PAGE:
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Nigeria’s External Reserves Dwindle By $180m In Two Weeks

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Nigeria’s External Reserves Dwindle By $180m In Two Weeks

File Photo: Nigeria’s External Reserves drop

The Nigeria’s external reserves lost $180m in two weeks, revealed by the latest figures obtained from the central Bank of Nigeria, on Sunday.

The reserves, according to the figures, stood at $33.28 billion on July 1, dropped to 33.09 billion on July 12 and faintly rise to $33.1 billion as of July 15.

In June, the reserves lost $905.5 million and later fell to $33.32 billion at the end of the same month, from $34.23 billion on May 31.

According to the Central Bank of Nigeria (CBN), the reserves stood at $34.88 billion at the end of April 30.

The loss is traced to crude oil demand which was forecast to decline, led by the evolution of electric, hydrogen and biofuel-powered means of transport.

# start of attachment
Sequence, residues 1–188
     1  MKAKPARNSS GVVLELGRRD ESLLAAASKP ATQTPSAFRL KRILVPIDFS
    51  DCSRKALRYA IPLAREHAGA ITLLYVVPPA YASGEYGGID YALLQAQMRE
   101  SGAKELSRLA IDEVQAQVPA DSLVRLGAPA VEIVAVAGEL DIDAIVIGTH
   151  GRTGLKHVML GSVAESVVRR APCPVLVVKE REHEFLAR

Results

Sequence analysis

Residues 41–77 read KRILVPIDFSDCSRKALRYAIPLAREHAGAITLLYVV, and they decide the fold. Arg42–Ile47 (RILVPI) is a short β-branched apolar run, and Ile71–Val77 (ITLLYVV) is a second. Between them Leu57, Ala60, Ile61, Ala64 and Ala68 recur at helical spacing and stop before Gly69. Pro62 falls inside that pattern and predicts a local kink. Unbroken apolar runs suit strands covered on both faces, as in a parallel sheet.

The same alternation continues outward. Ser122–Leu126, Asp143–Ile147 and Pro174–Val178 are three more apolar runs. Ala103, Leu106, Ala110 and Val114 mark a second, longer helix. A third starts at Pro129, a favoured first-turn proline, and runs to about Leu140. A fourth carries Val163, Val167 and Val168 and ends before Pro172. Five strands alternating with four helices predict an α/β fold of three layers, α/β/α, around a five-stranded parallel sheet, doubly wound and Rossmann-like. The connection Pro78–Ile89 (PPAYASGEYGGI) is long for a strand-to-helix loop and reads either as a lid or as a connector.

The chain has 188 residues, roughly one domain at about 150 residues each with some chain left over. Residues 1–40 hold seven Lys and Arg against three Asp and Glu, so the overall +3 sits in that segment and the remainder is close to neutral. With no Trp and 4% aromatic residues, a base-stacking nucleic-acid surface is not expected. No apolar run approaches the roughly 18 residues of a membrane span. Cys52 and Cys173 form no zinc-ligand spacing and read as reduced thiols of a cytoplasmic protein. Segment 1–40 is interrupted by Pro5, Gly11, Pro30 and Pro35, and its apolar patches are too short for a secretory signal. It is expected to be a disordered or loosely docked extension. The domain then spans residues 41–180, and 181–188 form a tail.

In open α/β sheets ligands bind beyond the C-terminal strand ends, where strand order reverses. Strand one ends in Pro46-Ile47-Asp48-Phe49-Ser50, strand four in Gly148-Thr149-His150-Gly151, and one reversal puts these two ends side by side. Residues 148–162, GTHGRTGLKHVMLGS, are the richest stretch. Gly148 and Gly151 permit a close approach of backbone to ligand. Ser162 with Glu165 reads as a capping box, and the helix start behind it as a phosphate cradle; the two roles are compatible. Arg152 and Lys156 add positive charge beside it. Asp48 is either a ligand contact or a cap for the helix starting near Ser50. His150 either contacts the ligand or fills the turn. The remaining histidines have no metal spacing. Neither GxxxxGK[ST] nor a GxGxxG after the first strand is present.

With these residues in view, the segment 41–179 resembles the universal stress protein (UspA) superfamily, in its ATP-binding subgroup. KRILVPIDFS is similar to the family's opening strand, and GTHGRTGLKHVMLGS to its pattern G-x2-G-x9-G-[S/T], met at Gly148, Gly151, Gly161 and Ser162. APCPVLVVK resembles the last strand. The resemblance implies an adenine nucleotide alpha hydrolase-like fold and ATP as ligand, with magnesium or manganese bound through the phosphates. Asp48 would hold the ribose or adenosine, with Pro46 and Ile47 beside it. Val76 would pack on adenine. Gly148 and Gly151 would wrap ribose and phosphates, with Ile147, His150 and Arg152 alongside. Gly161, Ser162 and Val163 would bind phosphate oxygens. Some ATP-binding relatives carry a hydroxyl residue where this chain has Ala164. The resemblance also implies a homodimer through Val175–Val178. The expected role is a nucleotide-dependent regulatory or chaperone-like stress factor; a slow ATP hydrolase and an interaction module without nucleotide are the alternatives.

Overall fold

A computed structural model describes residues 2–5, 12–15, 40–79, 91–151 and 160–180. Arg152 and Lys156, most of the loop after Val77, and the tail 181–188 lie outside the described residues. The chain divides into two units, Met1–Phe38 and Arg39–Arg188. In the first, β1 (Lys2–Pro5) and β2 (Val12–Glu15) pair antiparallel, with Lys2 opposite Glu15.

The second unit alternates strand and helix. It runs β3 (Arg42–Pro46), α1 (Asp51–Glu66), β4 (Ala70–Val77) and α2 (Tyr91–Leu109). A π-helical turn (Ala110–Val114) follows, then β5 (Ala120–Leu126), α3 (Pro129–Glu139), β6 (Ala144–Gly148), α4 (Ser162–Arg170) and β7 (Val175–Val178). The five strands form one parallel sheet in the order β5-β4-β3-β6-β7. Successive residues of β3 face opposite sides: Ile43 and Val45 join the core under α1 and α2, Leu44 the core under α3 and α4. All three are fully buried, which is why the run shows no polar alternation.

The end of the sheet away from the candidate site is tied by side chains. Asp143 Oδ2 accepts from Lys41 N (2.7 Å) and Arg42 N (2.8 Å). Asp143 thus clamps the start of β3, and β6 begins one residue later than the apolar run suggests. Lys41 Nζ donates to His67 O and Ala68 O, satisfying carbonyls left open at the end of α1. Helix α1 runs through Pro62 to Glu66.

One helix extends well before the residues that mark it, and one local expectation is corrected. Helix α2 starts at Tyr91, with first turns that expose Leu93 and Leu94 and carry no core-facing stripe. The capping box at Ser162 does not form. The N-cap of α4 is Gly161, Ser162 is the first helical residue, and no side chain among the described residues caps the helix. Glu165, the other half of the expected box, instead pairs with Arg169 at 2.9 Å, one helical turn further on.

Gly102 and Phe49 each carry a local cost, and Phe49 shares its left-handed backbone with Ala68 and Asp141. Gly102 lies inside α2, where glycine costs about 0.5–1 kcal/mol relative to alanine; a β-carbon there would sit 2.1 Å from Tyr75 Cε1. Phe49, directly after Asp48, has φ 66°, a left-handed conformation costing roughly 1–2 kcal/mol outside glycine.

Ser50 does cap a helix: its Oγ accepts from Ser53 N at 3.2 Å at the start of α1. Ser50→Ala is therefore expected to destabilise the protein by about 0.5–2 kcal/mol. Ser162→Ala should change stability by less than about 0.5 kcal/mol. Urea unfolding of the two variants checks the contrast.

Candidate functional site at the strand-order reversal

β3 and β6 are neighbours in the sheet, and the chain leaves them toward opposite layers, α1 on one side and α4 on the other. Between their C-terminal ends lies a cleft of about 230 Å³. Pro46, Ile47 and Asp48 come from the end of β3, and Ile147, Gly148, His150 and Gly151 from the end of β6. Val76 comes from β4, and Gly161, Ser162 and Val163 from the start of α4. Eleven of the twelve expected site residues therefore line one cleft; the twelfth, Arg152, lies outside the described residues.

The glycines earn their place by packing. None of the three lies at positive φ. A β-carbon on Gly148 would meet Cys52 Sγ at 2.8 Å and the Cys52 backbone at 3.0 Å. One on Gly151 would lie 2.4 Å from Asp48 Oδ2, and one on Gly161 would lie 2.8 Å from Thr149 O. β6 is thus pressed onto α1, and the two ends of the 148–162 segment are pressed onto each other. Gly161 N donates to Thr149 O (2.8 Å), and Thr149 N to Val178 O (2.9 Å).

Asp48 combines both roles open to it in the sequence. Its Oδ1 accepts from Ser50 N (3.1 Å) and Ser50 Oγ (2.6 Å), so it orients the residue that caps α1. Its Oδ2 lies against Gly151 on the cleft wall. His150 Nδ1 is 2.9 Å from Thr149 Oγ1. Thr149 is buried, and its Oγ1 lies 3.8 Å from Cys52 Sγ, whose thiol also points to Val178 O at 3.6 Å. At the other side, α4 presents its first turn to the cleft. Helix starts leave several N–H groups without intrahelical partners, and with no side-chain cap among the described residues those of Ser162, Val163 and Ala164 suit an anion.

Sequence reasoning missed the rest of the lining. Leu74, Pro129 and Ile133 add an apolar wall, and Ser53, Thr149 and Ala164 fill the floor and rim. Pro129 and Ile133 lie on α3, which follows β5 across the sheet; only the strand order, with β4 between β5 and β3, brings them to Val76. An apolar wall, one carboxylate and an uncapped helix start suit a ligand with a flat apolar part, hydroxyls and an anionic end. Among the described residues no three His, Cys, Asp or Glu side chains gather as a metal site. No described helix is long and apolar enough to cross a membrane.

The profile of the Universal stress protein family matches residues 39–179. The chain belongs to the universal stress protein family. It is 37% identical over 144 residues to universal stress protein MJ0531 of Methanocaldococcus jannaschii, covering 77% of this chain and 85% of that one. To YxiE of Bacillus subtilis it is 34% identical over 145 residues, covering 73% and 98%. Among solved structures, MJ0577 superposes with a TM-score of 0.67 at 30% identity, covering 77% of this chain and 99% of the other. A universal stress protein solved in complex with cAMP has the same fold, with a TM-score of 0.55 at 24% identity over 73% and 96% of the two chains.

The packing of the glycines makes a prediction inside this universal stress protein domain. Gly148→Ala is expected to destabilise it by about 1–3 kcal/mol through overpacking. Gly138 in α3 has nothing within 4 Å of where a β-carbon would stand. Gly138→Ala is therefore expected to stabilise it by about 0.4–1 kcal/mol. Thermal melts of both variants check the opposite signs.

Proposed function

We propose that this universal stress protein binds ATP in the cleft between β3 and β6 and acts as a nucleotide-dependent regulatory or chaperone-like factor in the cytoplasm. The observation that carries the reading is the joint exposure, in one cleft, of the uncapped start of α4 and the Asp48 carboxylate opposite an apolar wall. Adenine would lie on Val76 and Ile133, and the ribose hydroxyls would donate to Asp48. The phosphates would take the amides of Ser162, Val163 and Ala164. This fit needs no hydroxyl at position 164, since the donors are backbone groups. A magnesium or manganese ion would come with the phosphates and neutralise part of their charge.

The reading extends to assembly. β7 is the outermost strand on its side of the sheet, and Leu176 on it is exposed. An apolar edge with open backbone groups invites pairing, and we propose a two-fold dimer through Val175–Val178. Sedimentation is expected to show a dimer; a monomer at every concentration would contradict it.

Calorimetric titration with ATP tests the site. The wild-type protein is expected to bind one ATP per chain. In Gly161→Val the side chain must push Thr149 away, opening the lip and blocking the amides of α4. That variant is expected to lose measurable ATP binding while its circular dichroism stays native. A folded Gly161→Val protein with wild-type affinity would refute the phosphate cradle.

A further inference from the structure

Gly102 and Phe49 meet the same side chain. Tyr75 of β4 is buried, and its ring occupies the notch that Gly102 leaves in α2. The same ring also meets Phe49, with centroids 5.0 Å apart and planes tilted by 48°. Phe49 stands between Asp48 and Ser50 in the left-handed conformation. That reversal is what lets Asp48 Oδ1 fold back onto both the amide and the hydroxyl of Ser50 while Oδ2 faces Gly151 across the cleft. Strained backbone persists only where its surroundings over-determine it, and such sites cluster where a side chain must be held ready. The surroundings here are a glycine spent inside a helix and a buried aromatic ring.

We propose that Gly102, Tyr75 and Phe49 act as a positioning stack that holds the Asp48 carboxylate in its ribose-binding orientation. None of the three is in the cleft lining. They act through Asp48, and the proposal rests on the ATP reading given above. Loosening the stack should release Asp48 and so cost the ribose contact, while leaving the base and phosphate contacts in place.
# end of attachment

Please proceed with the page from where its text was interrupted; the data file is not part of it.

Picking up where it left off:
Read Also: Nigeria Misses 80 Percent Financial Inclusion Target

A member of the Monetary Policy Committee, Adeola Adenikinju, said at the last meeting that as a country, the excessive dependence on oil for revenue and foreign exchange sustenance was no longer tenable in the medium and long term.

“We need to diversify the economic and revenue base of the economy to reduce our exposure to external shocks as well as prepare the economy for the global shift from fossil fuel to green economy.

“It should not be business as usual for our economic managers. The economy also needs a strong buffer to mitigate external volatility.”

Another prominent member of the MPC, Ahmed Aliyu, said beyond the decline in oil prices was the growing paradigm shift from oil to a green economy which posed a threat to future oil demand.

The CBN report at the end of the MPC meeting showed that the share of fossil fuels was set to decline from the current 85 per cent of total primary energy demand in 2018 to between 20 and 65 per cent by 2050.

 

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